Recent book chapter by Dr. Kingdom describes our current understanding of antepartum haemorrhage
Dr. Kingdom is committed to advancing our understanding of pregnancy complications in the field of perinatal medicine. His recent publication is a book chapter focusing on up-to-date knowledge of antepartum haemorrhage which outlines the tools health care providers can use to ensure its proper management. To read the book chapter, click here (Baskett, Cadler, & Arulkumaran, Munro Kerr's Operative Obstetrics, 12th Edition, Chapter 19: Antepartum Haemorrhage, 2013).
Master metabolic regulator PPAR-γ controls trophoblast differentiation
Recent work done by Khrystyna Levytska (MSc) in Dr. Kingdom’s laboratory has shown that a master metabolic regulator peroxisome proliferator-activated receptor gamma (PPAR-γ) controls the balance between cell differentiation and proliferation by regulating the expression of a downstream target glial cell missing-1 (GCM-1). Ms. Levytska’s work, based on a cellular model of trophoblast development (see Placenta 101), showed that PPAR-γ induction tips the balance toward differentiation, while blocking PPAR-γ activity has the opposite effects (click here to see the abstract). Khrystyna has presented her work at two international meetings, the International Congress on Heme Oxygenases and Related Enzymes in Edinburgh, UK (2012), and the 60th Society for Gynecologic Investigation Annual Meeting in Orlando, FL (2013).
Furthermore, Ms. Levytska’s work with Dr. Sascha Drewlo and Dora Baczyk on the role of PPAR-γ in human placentation has been presented at several meetings, notably at the Society for Gynecologic Investigation Meeting in San Diego, CA (March, 2012), where Dr. Drewlo was awarded the Pfizer President's Achievement Award, given to best 25 abstracts out the pool of 1,200 submissions.
The emerging role of SUMOylation in placental development
Work done by Mrs. Dora Baczyk and Dr. Sascha Drewlo has resulted in findings of a novel mechanism controlling placental development. The team was first to describe the role of SUMOylation – a process involving protein modification – in healthy and pre-eclamptic placentas. As SUMOylation is also a response to cellular stress, the researchers were not surprised to find that the levels of free SUMO isoforms and SUMO-conjugated proteins are higher in diseased placentas compared to normal age-matched controls (click here to view the abstract). Dora has presented her work on the SUMO proteins at the 60th Society for Gynecologic Investigation Annual Meeting in Orlando, FL, and International Federation of Placenta Associations Meeting in Whistler, BC, in 2013.
DREAM as a novel regulator of GCM-1 in placental development
While working on her Master’s project, Mrs. Dora Baczyk studied the role of Downstream Regulatory Element Antagonist Modulator (DREAM) in placental development. Her work showed that this regulator controls the expression of GCM-1, a differentiation marker responsible for orchestrating the switch from cytotrophoblast proliferation to differentiation into the overlying syncytium (see Placenta 101 for a review of placental structure). The calcium-dependent GCM-1 repressor DREAM was found to be increased in placentas complicated by pre-eclampsia, thereby contributing to lower levels of GCM-1 and placental pathology (click here to view the abstract). Dora’s work, building on previous work done by Dr. Kingdom’s group, has shed more light on the current understanding of molecular pathways involved in placental development, and. Dora has presented her findings at the annual International Federation of Placenta Associations Meeting in Norway in 2011.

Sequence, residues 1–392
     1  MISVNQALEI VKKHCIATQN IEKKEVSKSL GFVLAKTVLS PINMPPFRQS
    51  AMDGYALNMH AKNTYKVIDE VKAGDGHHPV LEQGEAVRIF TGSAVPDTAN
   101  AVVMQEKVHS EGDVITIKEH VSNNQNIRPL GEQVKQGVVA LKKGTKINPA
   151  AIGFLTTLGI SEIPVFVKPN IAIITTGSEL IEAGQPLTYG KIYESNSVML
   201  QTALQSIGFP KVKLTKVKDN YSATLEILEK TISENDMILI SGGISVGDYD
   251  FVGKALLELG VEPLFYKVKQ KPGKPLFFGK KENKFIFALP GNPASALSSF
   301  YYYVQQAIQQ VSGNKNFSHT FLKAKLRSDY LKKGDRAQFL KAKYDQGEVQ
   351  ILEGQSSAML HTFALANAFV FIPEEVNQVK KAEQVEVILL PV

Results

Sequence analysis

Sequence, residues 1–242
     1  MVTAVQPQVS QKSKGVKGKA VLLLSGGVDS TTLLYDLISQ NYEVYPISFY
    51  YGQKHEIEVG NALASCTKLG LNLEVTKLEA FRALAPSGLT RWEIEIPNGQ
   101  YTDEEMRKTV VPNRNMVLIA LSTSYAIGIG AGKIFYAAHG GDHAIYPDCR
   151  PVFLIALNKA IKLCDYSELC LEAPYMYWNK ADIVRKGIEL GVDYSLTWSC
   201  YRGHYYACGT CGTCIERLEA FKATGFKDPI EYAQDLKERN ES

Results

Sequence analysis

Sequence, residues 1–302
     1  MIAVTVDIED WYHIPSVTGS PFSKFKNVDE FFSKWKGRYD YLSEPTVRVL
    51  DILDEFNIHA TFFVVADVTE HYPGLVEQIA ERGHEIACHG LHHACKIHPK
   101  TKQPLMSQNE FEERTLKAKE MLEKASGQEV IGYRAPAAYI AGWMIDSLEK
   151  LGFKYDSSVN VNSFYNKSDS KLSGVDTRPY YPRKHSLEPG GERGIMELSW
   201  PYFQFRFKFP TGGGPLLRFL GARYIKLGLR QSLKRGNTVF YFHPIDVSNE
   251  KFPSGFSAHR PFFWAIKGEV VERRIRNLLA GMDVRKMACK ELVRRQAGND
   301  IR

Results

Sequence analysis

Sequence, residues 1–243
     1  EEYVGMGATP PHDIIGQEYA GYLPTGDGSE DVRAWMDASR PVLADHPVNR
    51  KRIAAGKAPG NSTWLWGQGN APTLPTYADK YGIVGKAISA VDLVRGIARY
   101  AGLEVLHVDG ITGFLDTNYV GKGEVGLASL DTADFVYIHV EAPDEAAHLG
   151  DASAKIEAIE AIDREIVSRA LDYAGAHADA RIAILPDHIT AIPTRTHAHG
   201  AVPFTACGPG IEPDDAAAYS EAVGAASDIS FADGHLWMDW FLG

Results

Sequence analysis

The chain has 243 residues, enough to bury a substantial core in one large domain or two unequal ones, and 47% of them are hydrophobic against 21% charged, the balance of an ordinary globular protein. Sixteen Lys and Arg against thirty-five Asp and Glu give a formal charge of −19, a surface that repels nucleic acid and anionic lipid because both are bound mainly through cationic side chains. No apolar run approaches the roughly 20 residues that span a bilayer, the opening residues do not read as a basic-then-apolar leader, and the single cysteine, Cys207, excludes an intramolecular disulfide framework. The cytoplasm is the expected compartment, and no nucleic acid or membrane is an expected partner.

Severe placental dysfunction leading to extreme pre-term delivery is sex-specific
Male fetuses are known to suffer from more pregnancy complications, including severe pre-eclampsia, IUGR, and preterm labour, than female fetuses. Ms. Melissa Walker, a medical student at the University of Toronto (graduation year 2014), looked at the correlation between placental pathology and fetal sex (click here to view abstract). Ms. Walker found that severe placental pathology, which often results in extreme pre-term delivery (<33 weeks), is sex-specific, such that placentas with male fetuses exhibit higher rates of chronic plasma cell deciduitis and abnormal cord insertions, but a lower rate of placental infarction, compared to those with female fetuses. These observations may aid in our understanding of possible in utero mechanisms that impact the long-term development into adulthood. This work has been presented at the Society for Gynecologic Investigation Meeting in Miami, FL (March, 2011).
DUSP9 is downregulated in severe pre-eclamptic placentas
Dr. Marie Czikk (MD) undertook a study of an enzyme called dual specificity phosphatase 9 (DUSP9) during her work as a fellow in the Maternal-Fetal Medicine program at Mount Sinai Hospital. Working with Dr. Sascha Drewlo and Dora Baczyk, under the supervision of Dr. Kingdom, Marie studied the expression of this molecule in healthy pregnancy and pregnancy complications. She found that levels of DUSP9 protein are differentially expressed in placentas complicated by IUGR and pre-eclampsia, where they are elevated in IUGR placentas, while being greatly reduced in pregnancies complicated by severe pre-eclampsia (click here to view the abstract). Furthermore, Marie’s work dwelled into possible explanations for the dramatically suppressed DUSP9 expression and found that it was not due to DUSP9 promoter hypermethylation, but possibly due to prolonged hypoxia (which is a characteristic of pre-eclampsia). Surprisingly, although this gene is located on the X-chromosome and was hypothesized to be a contributing factor to the higher incidence of adverse outcomes in male pregnancies, expression levels and promoter methylation did not differ between placentas of male and female pregnancies. Dr. Czikk, who is now staff physician at Mount Sinai Hospital, presented her findings at the International Federation of Placenta Associations Meeting in Geilo, Norway, in September of 2011.